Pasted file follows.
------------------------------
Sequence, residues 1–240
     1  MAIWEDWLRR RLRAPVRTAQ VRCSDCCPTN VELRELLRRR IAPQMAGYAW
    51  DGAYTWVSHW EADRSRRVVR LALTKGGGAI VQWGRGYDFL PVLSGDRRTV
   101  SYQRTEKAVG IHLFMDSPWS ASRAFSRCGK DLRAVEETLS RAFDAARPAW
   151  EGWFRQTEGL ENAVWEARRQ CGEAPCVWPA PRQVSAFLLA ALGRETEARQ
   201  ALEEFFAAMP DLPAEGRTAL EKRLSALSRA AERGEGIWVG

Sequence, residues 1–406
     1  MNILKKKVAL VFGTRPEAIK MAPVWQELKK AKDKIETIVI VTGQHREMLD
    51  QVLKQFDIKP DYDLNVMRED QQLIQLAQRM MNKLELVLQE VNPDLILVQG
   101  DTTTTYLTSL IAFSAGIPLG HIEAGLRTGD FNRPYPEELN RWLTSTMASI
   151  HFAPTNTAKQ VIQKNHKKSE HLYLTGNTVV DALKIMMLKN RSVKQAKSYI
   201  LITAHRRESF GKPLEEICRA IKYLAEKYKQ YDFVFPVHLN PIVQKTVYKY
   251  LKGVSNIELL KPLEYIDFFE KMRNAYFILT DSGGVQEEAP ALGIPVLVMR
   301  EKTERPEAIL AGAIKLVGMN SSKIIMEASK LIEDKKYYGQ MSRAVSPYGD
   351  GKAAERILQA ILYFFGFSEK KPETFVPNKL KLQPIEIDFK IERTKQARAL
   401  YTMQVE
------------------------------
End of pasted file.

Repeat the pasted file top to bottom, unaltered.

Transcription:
Sequence, residues 1–240
     1  MAIWEDWLRR RLRAPVRTAQ VRCSDCCPTN VELRELLRRR IAPQMAGYAW
    51  DGAYTWVSHW EADRSRRVVR LALTKGGGAI VQWGRGYDFL PVLSGDRRTV
   101  SYQRTEKAVG IHLFMDSPWS ASRAFSRCGK DLRAVEETLS RAFDAARPAW
   151  EGWFRQTEGL ENAVWEARRQ CGEAPCVWPA PRQVSAFLLA ALGRETEARQ
   201  ALEEFFAAMP DLPAEGRTAL EKRLSALSRA AERGEGIWVG

Sequence, residues 1–406
     1  MNILKKKVAL VFGTRPEAIK MAPVWQELKK AKDKIETIVI VTGQHREMLD
    51  QVLKQFDIKP DYDLNVMRED QQLIQLAQRM MNKLELVLQE VNPDLILVQG
   101  DTTTTYLTSL IAFSAGIPLG HIEAGLRTGD FNRPYPEELN RWLTSTMASI
   151  HFAPTNTAKQ VIQKNHKKSE HLYLTGNTVV DALKIMMLKN RSVKQAKSYI
   201  LITAHRRESF GKPLEEICRA IKYLAEKYKQ YDFVFPVHLN PIVQKTVYKY
   251  LKGVSNIELL KPLEYIDFFE KMRNAYFILT DSGGVQEEAP ALGIPVLVMR
   301  EKTERPEAIL AGAIKLVGMN SSKIIMEASK LIEDKKYYGQ MSRAVSPYGD
   351  GKAAERILQA ILYFFGFSEK KPETFVPNKL KLQPIEIDFK IERTKQARAL
   401  YTMQVE